VIDEO EXCLUSIVE: Blind Melon’s Christopher Thorn & Roger Stevens On Shannon Hoon Documentary ‘All I Can Say,’ Part 1
Blind Melon was one of the most prominent alternative rock bands of the 1990s.
Now, two of their members are involved in a new documentary called All I Can Say, which chronicles the rise of their late lead singer Shannon Hoon, who died of a cocaine overdose at age 28 in 1995.
Christopher Thorn and Roger Stevens revealed to uInterview exclusively at the 2019 Tribeca Film Festival how they first met Hoon, the making of the film and more.
“I met Shannon in Hollywood, I think in 1989,” said Stevens. “I’d been out there. Brad [Smith], who’s the bass player, and I we moved out there together and Brad had met Christopher and we were kind of looking for somebody to sing.”
“[Shannon] had moved to Hollywood probably after we’d been there [for] about a year. I’d heard about him before I met him.”
Thorn went on to describe his late bandmate as “charismatic and talented” and revealed Hoon knew Guns N’ Roses frontman Axl Rose through his sister.
“We knew it instantly. The second he sat there and sang in the room with you, you knew he was brilliant,” Thorn added of Hoon.
Stevens added he also has a vivid memory of the day he met Hoon and first heard him sing.
“At one point, after [Christopher and Brad] met Shannon, Brad called me and said, ‘hey, we met this guy, you gotta come meet him,'” Stevens recalled. “I remember he said [Hoon] sounded like Janice Joplin and John Mellencamp, which I thought was an odd thing to say at the time.”
Like Hoon did for Thorn, Stevens revealed their band’s frontman also played “Change” — one of their first songs — for him and that it completely blew him away.
Stevens then explained that Blind Melon received a record deal from Capital Records after releasing just a four-song demo and then moved to North Carolina, at which point their name recognition as a brand truly began to grow. Stevens added that the moment the band signed the deal, which they considered a “milestone” in their musical careers, is portrayed in All I Can Say.
Full interview transcript:
Q:How did you first meet Shannon?
A: Thorn: I met Shannon in Hollywood I think in 1989, I’ve been out there Brad and I, who’s the bass player, we moved out there together and Brad had met Christopher and we we’re you know kind of looking for somebody to sing and he had moved to Hollywood probably after we’ve been there about a year, and you know we heard about him or I had heard about him before I met him and and he’d only been there for like a week. He had so much charisma that he was just you know a really good-looking charismatic and talented dude, probably the most charismatic talented dude in any room he was in. And he knew Axl Rose because his sister had gone to school with Axl’s older sister, and so he moved out there and was kind of staying with him being taken care of you know, it was making sure that he was gonna be okay, but he was notorious already and we met him and he came into our little rehearsal garage that we had built out and he sat on the floor with a guitar and sang “Change,” which is a song on our first record, and I was like that guy that guy’s amazing I mean he was, we knew it instantly I mean the second he sat there and sang in the room with you, you knew he was really I mean you know he just had a really unusual voice and it really came off in the room like that and I’ll follow this guy anywhere.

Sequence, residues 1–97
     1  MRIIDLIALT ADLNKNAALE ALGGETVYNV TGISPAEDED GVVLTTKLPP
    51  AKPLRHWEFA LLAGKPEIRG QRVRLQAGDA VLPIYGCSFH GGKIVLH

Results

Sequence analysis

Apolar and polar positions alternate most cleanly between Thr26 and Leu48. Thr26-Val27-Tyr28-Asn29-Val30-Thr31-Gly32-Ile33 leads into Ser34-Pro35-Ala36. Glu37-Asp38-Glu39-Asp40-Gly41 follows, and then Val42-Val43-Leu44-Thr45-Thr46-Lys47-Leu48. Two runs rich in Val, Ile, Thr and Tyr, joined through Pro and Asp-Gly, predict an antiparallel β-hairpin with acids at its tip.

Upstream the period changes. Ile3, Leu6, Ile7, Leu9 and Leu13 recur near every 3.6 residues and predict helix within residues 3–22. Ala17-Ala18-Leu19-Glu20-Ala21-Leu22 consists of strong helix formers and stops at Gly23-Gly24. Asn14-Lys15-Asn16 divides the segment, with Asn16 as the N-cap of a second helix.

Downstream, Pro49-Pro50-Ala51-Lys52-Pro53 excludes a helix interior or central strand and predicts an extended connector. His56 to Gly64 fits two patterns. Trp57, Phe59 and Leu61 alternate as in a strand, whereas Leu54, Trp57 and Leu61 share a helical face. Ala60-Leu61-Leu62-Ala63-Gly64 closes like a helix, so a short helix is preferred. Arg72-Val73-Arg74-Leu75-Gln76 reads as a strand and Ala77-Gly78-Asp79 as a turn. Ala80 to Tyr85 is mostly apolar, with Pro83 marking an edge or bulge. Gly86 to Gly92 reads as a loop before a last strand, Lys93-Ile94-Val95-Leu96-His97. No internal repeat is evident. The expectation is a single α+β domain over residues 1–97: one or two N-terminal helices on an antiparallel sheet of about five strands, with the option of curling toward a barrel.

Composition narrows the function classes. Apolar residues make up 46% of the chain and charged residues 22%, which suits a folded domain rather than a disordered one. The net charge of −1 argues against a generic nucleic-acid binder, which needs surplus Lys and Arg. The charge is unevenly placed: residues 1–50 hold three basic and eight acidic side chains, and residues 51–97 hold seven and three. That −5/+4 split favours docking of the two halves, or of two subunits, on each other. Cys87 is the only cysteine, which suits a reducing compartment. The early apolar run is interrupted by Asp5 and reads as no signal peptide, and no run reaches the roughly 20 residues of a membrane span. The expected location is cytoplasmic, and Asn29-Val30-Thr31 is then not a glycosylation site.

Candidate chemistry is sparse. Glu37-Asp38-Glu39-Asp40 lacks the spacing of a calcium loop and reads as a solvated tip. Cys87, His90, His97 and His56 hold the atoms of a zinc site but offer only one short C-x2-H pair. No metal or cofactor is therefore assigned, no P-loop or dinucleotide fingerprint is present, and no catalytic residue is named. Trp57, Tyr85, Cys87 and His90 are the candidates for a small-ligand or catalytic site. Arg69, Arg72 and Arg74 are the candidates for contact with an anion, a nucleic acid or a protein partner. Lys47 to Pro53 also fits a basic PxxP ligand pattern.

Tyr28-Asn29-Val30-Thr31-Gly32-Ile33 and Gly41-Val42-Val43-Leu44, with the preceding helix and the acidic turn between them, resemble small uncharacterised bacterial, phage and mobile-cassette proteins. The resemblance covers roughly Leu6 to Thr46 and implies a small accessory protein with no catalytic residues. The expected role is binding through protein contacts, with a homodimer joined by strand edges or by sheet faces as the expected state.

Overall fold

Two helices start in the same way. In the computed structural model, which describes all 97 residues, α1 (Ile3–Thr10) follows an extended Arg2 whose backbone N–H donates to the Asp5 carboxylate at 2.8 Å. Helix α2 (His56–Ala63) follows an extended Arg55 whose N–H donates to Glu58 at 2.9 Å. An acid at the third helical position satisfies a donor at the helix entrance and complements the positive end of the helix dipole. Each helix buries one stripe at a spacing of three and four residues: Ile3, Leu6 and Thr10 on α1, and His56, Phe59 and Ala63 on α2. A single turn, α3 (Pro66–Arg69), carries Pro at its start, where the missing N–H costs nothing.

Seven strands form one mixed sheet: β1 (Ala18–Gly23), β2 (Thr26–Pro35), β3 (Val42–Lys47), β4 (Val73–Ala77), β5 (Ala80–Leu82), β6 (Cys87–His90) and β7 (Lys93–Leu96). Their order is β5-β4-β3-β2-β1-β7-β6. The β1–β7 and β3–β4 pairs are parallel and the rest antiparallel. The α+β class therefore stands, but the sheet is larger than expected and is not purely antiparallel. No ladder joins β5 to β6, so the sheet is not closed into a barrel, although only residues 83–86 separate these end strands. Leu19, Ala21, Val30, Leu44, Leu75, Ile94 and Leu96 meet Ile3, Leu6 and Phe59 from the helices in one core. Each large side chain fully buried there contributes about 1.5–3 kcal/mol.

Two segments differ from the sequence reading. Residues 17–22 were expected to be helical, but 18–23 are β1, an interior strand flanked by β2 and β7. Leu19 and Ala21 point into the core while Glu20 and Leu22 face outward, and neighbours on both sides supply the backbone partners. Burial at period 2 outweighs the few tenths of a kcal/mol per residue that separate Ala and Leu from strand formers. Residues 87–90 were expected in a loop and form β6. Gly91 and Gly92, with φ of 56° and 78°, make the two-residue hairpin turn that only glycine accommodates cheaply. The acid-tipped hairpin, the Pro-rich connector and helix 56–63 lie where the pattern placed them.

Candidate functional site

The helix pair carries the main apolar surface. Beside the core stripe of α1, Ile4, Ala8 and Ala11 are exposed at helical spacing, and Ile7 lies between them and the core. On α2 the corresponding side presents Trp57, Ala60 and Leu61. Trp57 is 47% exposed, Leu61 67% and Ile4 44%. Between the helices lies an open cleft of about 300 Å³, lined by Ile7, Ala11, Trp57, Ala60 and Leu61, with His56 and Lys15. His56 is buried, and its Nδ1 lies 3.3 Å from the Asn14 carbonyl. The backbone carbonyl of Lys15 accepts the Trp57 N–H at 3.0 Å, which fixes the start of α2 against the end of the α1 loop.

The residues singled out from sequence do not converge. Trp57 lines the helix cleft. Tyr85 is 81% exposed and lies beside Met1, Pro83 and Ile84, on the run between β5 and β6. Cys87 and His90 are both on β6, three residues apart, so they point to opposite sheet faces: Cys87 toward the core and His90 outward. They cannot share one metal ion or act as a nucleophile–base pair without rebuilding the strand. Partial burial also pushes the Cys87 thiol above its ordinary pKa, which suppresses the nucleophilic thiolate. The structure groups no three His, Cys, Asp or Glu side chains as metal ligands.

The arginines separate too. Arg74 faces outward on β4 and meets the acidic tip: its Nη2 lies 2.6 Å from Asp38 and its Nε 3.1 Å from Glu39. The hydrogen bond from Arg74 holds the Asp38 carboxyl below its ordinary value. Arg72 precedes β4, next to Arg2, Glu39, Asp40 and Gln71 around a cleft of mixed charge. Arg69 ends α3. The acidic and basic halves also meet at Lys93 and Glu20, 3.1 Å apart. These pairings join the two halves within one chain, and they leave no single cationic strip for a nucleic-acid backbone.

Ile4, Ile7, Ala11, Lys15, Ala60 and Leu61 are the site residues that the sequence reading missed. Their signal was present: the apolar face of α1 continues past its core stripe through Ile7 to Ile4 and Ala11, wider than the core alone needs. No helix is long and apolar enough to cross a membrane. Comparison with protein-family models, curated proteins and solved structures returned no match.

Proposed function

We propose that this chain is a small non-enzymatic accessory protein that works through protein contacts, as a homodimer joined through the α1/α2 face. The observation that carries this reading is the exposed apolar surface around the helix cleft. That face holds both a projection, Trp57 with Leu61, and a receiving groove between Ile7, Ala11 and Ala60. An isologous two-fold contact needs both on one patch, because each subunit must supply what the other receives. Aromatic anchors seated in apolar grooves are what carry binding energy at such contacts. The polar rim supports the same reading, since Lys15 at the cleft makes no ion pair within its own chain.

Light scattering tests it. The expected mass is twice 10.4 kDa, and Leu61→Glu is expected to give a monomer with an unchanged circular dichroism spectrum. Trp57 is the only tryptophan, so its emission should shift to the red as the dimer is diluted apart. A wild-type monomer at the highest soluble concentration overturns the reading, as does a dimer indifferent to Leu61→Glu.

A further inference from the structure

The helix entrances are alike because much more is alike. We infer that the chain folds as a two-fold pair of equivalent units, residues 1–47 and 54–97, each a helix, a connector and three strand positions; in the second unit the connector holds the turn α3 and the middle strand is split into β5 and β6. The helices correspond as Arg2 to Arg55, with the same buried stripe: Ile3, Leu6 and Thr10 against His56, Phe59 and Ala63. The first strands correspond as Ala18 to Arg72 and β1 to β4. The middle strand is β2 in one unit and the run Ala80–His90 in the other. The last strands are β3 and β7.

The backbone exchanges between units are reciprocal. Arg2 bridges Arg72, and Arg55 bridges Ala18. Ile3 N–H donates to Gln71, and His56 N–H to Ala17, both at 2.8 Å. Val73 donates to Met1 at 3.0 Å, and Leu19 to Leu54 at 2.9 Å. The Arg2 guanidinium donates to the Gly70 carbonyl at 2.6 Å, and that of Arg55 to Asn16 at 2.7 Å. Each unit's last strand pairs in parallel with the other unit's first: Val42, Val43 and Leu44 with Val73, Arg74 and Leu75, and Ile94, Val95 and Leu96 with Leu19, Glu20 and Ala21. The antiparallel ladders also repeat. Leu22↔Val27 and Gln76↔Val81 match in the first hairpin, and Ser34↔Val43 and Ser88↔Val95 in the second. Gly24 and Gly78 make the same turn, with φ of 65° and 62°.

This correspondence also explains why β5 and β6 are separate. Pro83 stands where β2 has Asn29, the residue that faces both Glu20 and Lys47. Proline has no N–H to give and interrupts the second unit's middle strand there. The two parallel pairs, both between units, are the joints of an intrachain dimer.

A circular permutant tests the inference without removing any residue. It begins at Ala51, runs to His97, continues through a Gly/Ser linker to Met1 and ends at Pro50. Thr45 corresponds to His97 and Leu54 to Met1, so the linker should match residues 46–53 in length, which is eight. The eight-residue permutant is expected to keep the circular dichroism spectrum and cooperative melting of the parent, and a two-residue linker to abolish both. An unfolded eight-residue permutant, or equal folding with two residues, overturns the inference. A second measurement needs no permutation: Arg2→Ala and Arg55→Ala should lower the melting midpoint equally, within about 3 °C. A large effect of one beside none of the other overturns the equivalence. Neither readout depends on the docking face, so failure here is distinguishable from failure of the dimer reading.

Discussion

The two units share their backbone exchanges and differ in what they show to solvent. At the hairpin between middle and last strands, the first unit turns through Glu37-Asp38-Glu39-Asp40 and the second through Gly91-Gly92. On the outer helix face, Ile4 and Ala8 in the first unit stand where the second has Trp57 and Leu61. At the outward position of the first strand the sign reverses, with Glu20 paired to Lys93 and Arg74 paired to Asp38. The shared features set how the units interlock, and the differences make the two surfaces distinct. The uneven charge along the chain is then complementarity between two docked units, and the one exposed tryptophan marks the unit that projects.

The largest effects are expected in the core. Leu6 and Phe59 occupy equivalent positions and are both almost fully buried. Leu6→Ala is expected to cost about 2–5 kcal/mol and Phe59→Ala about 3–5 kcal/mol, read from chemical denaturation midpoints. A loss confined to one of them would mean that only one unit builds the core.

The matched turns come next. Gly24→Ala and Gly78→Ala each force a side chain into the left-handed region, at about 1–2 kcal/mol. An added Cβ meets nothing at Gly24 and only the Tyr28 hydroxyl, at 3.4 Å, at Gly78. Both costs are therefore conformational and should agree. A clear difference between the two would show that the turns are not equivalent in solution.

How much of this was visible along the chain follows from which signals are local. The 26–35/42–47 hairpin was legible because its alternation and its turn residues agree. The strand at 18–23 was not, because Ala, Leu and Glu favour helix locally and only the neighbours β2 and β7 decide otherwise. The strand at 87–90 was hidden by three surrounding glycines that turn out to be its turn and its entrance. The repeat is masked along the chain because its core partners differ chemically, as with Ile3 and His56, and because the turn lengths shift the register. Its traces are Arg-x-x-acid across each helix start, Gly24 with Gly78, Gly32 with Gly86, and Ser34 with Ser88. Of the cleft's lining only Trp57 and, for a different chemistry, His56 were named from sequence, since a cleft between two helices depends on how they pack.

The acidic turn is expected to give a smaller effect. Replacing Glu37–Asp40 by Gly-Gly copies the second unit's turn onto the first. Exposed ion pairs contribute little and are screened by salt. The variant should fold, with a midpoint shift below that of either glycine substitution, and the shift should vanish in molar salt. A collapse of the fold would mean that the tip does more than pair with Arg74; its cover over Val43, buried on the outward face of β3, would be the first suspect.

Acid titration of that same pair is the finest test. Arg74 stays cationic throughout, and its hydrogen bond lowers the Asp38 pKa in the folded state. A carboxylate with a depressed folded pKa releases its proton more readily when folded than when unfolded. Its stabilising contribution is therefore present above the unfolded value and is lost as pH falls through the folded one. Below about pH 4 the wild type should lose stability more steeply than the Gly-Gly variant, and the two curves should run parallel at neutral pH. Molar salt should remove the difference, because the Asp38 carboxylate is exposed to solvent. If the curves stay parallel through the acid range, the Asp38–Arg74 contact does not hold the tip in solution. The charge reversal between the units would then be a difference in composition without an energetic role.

Stevens: You know back to that story, I came along it’s funny I have a similar story only just probably a few weeks later at one point after those guys met Shannon, Brad called me and said, ‘Hey Rogers is back out we met this guy he got to come meet him,’ I remember he said he sounded yeah he was like a Janis Joplin and John Mellencamp, which I thought was an odd thing to say at the time, but same thing I came over and I remember Shannon playing “Change” for me and “Jane Says” by Jane’s Addiction and I just remember thinking the same thing like wow this guy’s a superstar you know. And we immediately formed the band you know once I was the last person like in the moment, yeah like right there it was just like okay now we’re a band, and we had a different drummer at one point named Howie Bhushan and I don’t know how long that lasted, but we had we had begun to start you know we were writing songs but a few songs and it wasn’t quite right so then Glenn came out and these guys called Glenn who they knew from their hometown, he came out and that’s really when we became who we you know.
Well actually you know what happened is we got a record deal from just a four song demo and then at that point we moved to North Carolina and honestly that’s when I feel like we became a band when we were signed, we were barely a band I would say there was a couple songs, but we hadn’t developed into you know people that were planning to spend the money that they gave us in ways that and we started to do that so we had to get out of town yeah, we went to North Carolina but I mean it was incredible you know. For me was like I left Pennsylvania because I wanted to get a record deal that was as big as the dream was for me you know, what I mean and so to get a record deal was I that moment which is in the movie, is such a great moment you know on top of the Capitol Records building or signing and it just it was amazing, it felt great I mean that’s really when the work begins you know, but at the moment it felt like a milestone for us getting a record deal.